Jackie: Now we’re even getting some press. The Arizona Republic is going to do a story on our team. That’s very cool. Watch for a story about us in the newspaper in early February.

Combining forces can lead to bigger opportunities.

Debbie: How did you meet each other?

Jackie:  We are all published by a small publishing house called Countryman Press, a subsidiary of W.W. Norton. I met one of the authors (Teresa Bitler) several years ago, when she was researching her book. I was thinking of starting a writers’ group, and she was interested in joining. It didn’t pan out, as I just got too busy.

Don’t give up if your first idea doesn’t fly.

Jackie: But then I met the other author (Christine Bailey) at a book fair in Scottsdale. They were both, at the time, working together to promote their books. But they didn’t know quite how to do it. Publishers do not offer much help on this end, I’m afraid. So they just showed up at a few signings together. They didn’t even have a blog then.

I bought their books at this festival and took their business cards. Soon after, I wrote about them on my travel blog The Phoenix Traveler. At the time, I was writing about things to do in Phoenix and statewide for b5media.com.

Keep in touch and  look for ways to connect.

A year later, after my book was released, our acquisitions editor suggested that the three of us could work together.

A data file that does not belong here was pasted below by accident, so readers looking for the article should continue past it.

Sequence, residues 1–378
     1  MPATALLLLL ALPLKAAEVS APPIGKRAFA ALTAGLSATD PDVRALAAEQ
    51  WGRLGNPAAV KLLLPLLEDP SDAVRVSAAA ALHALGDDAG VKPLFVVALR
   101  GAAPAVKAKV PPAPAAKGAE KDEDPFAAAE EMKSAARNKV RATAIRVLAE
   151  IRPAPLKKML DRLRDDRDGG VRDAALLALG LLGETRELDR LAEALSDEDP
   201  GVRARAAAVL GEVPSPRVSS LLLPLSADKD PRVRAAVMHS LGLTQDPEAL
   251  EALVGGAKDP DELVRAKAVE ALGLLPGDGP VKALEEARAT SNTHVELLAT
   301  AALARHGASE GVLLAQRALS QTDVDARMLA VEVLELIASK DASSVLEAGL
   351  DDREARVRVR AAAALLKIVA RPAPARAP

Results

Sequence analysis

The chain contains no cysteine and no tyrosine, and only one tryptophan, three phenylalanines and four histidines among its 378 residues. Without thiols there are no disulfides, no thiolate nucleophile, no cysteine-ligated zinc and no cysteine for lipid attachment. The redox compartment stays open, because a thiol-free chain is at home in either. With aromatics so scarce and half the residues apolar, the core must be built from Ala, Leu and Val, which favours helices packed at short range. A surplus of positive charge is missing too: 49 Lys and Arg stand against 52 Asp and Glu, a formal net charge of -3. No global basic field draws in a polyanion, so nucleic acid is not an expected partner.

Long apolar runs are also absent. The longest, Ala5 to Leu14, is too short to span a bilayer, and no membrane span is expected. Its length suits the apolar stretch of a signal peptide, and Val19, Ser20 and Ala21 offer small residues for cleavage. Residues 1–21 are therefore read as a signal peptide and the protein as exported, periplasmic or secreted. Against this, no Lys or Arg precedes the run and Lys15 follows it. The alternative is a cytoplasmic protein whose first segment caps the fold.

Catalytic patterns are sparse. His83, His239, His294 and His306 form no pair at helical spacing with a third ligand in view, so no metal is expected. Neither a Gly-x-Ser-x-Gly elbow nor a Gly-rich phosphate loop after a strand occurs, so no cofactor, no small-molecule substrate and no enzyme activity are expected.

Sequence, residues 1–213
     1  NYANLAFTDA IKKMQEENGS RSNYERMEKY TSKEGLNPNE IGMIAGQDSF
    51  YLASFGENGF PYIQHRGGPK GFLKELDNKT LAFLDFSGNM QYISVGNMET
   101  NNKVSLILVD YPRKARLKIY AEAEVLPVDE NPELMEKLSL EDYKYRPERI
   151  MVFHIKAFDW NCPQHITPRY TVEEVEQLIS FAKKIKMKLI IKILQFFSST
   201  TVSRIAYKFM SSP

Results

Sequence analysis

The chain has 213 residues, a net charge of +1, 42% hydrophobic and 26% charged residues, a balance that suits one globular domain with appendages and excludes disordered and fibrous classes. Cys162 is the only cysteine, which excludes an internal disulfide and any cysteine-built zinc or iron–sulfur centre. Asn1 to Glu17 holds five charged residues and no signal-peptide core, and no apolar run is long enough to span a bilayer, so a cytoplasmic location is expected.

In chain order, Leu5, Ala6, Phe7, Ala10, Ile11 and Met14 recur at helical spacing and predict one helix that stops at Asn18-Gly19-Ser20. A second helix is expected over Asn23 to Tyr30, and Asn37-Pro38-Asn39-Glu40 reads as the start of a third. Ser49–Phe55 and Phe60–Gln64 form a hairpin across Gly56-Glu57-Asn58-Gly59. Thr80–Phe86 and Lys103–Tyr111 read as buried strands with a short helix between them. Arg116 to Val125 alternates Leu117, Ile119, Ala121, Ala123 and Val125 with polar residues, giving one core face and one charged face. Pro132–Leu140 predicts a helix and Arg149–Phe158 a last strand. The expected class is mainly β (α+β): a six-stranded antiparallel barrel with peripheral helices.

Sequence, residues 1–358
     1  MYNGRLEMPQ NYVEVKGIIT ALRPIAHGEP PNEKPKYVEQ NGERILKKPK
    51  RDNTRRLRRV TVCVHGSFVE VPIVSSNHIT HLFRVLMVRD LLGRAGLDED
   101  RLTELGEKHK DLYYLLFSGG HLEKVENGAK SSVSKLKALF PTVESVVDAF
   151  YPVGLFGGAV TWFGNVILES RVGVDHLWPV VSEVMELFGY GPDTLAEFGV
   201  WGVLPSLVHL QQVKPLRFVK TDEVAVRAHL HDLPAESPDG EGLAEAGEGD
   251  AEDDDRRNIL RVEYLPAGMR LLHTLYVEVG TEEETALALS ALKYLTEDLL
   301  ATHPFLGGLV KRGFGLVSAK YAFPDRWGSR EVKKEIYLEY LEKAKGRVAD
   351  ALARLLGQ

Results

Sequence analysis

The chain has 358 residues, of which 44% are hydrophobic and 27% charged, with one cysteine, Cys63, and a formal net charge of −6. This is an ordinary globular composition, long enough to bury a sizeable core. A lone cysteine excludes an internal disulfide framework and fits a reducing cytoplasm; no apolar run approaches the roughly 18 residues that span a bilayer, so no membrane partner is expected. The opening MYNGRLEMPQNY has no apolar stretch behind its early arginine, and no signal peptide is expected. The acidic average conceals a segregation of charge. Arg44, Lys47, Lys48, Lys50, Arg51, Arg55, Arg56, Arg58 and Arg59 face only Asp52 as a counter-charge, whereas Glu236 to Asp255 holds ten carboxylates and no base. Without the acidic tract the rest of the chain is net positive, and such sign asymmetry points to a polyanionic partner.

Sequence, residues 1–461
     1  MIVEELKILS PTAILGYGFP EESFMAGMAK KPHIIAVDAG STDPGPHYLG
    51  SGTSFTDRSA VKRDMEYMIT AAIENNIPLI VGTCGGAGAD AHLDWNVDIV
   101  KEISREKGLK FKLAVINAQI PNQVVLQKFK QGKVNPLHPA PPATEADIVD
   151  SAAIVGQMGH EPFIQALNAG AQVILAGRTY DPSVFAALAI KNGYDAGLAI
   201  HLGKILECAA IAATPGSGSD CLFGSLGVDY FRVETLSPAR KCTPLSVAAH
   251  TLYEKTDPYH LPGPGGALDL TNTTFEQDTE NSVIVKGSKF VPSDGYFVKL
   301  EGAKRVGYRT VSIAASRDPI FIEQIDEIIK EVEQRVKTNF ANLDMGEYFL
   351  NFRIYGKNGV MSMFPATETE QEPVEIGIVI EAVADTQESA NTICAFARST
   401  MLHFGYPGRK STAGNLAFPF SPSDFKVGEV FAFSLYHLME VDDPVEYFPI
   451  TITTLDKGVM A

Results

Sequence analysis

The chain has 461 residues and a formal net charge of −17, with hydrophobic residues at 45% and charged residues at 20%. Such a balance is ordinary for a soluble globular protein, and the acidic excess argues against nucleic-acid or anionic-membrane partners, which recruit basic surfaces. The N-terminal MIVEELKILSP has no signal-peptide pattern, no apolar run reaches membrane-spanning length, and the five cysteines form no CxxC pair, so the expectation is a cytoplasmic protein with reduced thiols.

Be open to suggestions.

The first thing I wanted to do was a signing at the downtown Phoenix Visitor Center, so I walked in and asked how that was possible. I was referred to the Greater Phoenix Convention & Visitor Bureau, made an appointment, invited the other two authors to join me, and after that, things just started happening.

Ask for what you want.

We joined the Greater Phoenix Convention & Visitors Bureau as the Arizona Authors & Adventurers.

Joining together can provide economical access to opportunities.

We had our signing at the downtown Phoenix Visitor Center. We had the next signing at Press, a coffee shop at CityNorth, and now the Sedona event. That happened because I answered a request for help on LinkedIn.

Be open to and look for opportunities everywhere.

With each event we do, we are finding out more and more ways we can work together to help promote Arizona and our books. We even managed to get a job writing an iPhone travel application together. And now we have a blog together.

We don’t want to just sign books. We want to do Travel Talks, like what we’re doing in Sedona. That’s our goal—to help people learn what’s out there and what they might be missing.

You may be able to create services that didn’t even exist before!